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Welcome to St Peter’s


The History of St Peter's Church

The history of Saint Peter’s church goes back to the appointment of the Reverend William Price Jones, at the age of 29, to the living of Clee-cum-Cleethorpes in 1850. A man of apparently boundless energy he was determined to bring new life to the small Church of England community in the predominantly Methodist seaside village. At that time the population was about 1,000, now it is nearer 40,000.

By 1852 Price Jones had organised the building of the vicarage, now part of St. Peter’s School on St. Peter’s Avenue. It was built on enclosure land awarded to the vicar and churchwardens in 1846. Price Jones recognised that Cleethorpes would thrive with the coming of the railway and his Christian vision was to see an Anglican church in the centre of the growing town. Following a public meeting on 30th January 1864, a resolution was passed ‘that a new church at Cleethorpes is urgently needed and it is desirable that such a church be built and steps taken to raise funds for carrying out the work’.

Before the church was built it was quite a trek to the Anglican church in Old Clee, the village being connected to Cleethorpes by a track running across the fields to the top mill in Mill Road.

The services were engaged of prominent Lincolnshire architect, James Fowler and on 2nd August 1864 the Foundation Stone of the 400 seat church was laid by Alexander Grant Thorold of Weelsby House. St. Peter’s was built on the west side of what was then Oole Road a thoroughfare opened up through the fields in the 1840’s. It became known as Church Lane then St. Peter’s Road and eventually St. Peter’s Avenue.

The church was completed 2 years later at a cost of about £3,500 and consecrated by the Bishop of Lincoln on St. Peter’s Day 1866. The tower was added the following year at a cost of £850.

When the local health authority of Cleethorpes with Thrunscoe was formed in 1873, William P Jones was its first chairman.  He later helped it form into an urban district council in 1894. In this capacity he arranged for the town clock to be fixed to the tower. The payment was by popular subscription and enabled local guest houses and their visitors to standardise their mealtimes.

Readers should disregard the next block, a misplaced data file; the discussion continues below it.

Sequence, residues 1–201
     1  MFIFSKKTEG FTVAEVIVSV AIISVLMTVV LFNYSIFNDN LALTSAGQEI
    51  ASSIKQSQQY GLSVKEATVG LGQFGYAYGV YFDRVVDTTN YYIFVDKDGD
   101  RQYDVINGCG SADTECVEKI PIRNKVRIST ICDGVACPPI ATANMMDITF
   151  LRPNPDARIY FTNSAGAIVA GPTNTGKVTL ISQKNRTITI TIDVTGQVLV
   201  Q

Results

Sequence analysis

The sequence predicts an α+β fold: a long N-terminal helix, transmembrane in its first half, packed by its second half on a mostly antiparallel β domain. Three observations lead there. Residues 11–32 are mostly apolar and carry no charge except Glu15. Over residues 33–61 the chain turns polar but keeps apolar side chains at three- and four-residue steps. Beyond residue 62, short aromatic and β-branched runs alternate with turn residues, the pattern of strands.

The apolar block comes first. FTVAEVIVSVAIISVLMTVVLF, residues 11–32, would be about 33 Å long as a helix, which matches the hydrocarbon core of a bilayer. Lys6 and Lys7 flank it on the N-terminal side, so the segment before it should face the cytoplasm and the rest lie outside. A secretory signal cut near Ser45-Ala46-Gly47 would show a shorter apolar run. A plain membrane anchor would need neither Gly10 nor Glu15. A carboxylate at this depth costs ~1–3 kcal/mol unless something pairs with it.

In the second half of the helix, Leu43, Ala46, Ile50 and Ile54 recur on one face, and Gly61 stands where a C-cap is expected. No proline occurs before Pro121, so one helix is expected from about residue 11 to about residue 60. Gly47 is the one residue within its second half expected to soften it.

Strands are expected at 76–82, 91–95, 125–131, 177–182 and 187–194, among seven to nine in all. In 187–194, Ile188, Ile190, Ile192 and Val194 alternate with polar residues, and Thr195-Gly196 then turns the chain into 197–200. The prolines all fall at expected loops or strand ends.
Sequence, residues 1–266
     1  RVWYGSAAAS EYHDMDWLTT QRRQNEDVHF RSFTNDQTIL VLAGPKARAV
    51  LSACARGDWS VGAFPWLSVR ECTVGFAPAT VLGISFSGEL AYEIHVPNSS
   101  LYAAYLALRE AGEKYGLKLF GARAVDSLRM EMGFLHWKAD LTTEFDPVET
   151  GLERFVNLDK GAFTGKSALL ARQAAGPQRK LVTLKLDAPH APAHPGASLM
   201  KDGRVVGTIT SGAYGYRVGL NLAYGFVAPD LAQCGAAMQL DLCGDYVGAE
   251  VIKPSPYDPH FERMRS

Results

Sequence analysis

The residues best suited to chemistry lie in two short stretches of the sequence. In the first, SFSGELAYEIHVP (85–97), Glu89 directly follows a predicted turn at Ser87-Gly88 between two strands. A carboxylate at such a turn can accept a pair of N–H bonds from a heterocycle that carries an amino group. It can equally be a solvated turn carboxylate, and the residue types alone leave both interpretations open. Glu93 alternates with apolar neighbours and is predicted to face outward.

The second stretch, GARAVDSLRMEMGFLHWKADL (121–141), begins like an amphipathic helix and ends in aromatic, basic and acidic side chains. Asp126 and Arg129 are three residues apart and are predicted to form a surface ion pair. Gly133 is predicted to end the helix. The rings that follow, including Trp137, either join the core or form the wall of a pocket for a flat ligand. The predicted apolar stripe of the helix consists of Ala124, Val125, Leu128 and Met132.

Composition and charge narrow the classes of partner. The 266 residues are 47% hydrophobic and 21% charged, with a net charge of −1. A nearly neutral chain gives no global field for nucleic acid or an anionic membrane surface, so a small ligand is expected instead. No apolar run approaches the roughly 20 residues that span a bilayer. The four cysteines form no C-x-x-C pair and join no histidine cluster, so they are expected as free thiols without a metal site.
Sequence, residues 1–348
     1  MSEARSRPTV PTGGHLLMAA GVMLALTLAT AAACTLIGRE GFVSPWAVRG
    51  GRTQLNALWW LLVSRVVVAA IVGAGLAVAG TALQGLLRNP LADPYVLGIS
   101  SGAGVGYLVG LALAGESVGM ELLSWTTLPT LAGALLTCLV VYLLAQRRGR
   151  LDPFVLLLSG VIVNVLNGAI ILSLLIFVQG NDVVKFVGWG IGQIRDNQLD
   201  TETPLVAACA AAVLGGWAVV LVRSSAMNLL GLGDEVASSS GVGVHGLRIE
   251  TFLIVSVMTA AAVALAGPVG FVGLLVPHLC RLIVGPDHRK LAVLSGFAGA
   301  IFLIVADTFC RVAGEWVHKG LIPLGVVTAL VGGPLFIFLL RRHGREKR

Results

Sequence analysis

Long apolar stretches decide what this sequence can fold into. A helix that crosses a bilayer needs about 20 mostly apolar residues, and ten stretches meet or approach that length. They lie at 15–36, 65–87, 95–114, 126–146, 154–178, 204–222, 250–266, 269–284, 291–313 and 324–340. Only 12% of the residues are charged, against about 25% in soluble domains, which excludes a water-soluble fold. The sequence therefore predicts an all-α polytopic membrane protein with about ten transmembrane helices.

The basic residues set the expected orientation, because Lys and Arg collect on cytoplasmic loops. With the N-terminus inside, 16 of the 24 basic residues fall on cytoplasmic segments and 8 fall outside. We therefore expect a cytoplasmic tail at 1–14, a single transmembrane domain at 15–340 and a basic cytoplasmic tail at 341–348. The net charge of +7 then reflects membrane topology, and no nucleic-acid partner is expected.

However, all was not right with the structure of the church. The clay with chalk subsoil shrank under the much heavier weight of the tower by as much as 25 mm or 1 inch. This is best seen in the external drip/string course moulding below the north-east window next the tower. Major repairs were then undertaken with the Early English style triple lancet east end window being replaced by the more stylish geometrical window with its stained glass, by Clayton and Bell, depicting the Resurrection. At the same time a new vestry was added together with a new organ chamber to take the enlarged Foster and Andrews organ. Since that date, there seems to have been no further settlement, the clay having stabilised itself.

In the 1980's a narthex (west end porch) was built at the west end to house two toilets and an area for parents to take their children during the service. Other alterations include the insertion of three new stained glass windows rescued from redundant churches, which were being demolished. Other work included a “temporary” extension to the chancel so as to allow for a nave altar. It has also played a big part in the successful summer concerts. A further development was the insertion of a new window to commemorate the church becoming the home to the national Normandy Veterans Association.

2016 marked the 150th anniversary of the consecration of Saint Peter’s Church. This was celebrated with a magnificent flower show, a display of children’s drawings, a visit by the Bishop of Lincoln at a festival service and a civic service attended by her worship the Mayor of North East Lincolnshire Council. This not only underlines the importance of this fine “Fowler” church to the community of the civic town of Cleethorpes with Thrunscoe but also as a key church within the  unitary authority of North East Lincolnshire.